Home Surgeries! Tips and Advice on Remodeling Your Home.
That day has finally come. You’ve decided to remodel your home. Perhaps you’ve decided to split up the kids, give junior his own room and let big sister have some privacy. Maybe you’ve decided to make over the kitchen or bathroom. No matter what you’ve chosen to do, guaranteed—it’s a big job.
At some point, after you’ve decided exactly what you want to do you’re going to have to find someone to do it. Whatever your project, unless you happen to be a brilliant handyperson, you’re going to have to hire someone to make your dreams become a reality.
How to Pay for Your Remodeling Job
As you ponder renovating your bathroom, giving your kitchen a facelift, or adding a room, one of the first things you’ll need to consider is how you’ll pay for it. While a good chunk of the costs of many remodeling projects are often recouped when you sell your home, you’ll still need to gather the funds to pay for your project up front.
There are several options available out there for you, including:
1. Good old cash. If you have money in savings, this is an option. However, you’ll want to think about the interest that the money could be earning in other investments. Compare that to the interest rate you’d be paying on a home improvement or other type of consumer loan.
Also, keep in mind that interest paid on home improvement loans are usually tax deductible. Look and compare the numbers carefully.
2. Home equity line of credit. This is a line of credit in which your house is the collateral. The credit line is usually set at 75 to 80 percent of the appraised value minus the mortgage balance. Lenders will also consider your credit history and ability to pay.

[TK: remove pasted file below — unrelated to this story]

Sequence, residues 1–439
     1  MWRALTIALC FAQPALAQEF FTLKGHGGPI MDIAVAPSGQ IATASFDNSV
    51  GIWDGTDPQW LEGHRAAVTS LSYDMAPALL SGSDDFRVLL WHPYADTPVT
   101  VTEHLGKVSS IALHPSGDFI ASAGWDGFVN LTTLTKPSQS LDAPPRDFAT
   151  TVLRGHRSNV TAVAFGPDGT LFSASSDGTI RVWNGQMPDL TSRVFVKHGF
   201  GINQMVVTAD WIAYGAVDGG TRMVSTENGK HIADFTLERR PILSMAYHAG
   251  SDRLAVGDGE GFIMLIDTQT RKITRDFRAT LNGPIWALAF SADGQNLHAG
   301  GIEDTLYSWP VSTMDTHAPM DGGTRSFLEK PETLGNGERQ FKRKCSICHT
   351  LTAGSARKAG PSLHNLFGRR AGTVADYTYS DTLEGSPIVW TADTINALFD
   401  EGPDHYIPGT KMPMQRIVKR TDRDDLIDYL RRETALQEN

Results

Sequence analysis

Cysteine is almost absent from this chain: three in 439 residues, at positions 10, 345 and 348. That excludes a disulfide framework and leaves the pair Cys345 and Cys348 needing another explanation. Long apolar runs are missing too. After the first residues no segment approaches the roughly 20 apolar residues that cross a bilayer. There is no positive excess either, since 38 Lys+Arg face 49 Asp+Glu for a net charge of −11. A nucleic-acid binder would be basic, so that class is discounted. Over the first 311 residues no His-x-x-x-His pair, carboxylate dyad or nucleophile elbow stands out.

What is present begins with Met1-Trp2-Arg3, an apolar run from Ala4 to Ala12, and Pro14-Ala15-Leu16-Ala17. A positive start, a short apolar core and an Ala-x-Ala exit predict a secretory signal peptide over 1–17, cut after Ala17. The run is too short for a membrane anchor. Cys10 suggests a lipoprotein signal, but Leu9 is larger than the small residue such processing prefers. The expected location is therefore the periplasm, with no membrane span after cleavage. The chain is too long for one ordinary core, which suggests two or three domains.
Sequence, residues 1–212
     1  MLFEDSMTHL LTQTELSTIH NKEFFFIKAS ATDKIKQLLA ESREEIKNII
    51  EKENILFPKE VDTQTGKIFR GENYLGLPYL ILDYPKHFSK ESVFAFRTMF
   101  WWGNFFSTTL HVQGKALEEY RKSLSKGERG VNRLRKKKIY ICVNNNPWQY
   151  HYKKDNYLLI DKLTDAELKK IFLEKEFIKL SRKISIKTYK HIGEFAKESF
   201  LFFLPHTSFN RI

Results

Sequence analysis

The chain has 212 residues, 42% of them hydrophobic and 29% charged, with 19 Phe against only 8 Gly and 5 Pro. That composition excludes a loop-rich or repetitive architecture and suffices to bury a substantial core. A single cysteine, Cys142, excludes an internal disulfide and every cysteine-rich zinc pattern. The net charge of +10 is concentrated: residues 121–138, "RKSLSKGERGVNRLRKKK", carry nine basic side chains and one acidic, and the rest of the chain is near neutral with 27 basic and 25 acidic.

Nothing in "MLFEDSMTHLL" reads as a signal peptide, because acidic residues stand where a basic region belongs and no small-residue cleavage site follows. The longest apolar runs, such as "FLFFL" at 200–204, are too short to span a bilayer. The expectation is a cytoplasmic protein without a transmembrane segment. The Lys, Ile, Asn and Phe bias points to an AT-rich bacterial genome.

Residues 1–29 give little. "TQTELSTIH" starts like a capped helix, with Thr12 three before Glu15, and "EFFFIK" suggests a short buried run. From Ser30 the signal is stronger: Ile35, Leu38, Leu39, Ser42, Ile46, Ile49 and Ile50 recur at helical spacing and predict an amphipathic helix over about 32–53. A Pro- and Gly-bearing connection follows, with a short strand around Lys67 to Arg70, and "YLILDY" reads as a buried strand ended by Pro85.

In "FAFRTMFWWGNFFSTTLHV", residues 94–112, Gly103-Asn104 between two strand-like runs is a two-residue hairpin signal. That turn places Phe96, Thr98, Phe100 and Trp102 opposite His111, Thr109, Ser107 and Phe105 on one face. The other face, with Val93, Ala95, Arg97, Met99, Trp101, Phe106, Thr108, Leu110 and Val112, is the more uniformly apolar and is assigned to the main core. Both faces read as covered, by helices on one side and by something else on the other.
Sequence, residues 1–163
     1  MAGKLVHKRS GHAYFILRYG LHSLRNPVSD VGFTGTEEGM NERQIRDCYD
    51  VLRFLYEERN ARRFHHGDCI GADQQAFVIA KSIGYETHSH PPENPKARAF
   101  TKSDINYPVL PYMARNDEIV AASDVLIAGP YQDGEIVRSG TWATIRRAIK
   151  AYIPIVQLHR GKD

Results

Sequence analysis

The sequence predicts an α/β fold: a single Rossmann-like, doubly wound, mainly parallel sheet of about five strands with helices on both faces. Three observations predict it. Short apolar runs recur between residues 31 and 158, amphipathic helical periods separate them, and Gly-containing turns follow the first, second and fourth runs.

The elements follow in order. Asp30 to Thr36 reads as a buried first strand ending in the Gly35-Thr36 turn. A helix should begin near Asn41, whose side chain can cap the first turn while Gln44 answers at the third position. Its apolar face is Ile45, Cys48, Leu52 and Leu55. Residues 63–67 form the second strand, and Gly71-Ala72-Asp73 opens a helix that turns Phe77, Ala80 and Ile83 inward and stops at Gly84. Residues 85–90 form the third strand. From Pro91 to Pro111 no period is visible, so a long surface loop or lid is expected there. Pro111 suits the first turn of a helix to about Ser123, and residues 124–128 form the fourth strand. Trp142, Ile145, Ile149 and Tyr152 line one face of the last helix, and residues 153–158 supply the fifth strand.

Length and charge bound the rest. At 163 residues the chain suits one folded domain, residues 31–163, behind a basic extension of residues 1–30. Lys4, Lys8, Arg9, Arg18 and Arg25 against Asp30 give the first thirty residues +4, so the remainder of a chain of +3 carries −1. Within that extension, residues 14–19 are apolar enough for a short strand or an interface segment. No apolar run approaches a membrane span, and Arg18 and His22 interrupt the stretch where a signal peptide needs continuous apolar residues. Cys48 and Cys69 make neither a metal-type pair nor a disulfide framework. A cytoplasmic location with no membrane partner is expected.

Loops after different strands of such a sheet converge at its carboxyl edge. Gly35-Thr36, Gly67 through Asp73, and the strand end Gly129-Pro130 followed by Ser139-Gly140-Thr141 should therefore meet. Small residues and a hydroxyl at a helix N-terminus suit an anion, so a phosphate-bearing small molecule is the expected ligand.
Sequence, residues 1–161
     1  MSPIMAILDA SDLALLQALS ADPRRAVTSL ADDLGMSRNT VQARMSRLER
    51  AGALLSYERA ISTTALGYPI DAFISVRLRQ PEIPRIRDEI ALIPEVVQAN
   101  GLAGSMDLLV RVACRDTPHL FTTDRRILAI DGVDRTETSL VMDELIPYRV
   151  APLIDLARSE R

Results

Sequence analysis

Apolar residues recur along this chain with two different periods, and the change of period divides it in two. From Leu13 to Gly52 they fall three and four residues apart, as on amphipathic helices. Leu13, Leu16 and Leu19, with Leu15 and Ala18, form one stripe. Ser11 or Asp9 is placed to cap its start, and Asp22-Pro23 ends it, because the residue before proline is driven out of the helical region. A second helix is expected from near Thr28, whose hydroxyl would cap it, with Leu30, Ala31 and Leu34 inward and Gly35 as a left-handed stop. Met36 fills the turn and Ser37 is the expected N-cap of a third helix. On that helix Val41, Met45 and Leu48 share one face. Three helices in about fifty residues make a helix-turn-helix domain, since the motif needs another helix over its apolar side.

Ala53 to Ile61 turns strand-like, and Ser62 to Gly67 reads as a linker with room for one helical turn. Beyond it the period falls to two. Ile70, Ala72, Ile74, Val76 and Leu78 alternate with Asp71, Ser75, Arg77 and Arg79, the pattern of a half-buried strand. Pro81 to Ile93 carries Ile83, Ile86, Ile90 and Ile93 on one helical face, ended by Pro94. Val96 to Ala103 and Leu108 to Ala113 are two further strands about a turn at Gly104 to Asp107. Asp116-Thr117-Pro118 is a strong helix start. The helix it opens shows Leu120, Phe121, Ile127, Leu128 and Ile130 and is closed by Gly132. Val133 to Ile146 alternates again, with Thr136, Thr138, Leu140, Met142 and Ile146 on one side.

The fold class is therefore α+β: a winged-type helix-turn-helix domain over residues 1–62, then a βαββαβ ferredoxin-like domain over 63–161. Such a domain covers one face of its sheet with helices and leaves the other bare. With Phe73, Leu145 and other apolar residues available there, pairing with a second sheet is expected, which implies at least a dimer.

3. Second mortgage. If you prefer not to have an open line of credit through a home equity line of credit, you could consider a home equity loan, a fixed-rate, fixed-term loan based on the equity in your home. Monthly payments are set over a fixed period of time.
4.Cash-out refinancing. If interest rates are quite a bit less than when you bought your house, you may want to refinance your mortgage, that is take out a new loan to pay off your mortgage and use the remaining money for your project.
5. Once you’ve determined your financing method, staying within your budget is key. Three ways to keep your spending under control are:
6. Plan on spending 80 percent of what you can afford. Let the other 20 percent act as a reserve to cover any unexpected expenses that come up.
7. Carefully consider everything in your contract. Anything not included will cost more. Every time a change order is written up, your pocketbook will take the hit.
8. Stay focused on the project at hand. As you remodel your kitchen, don’t try to undertake the bathroom, too.
Things to Keep in Mind When You Add-On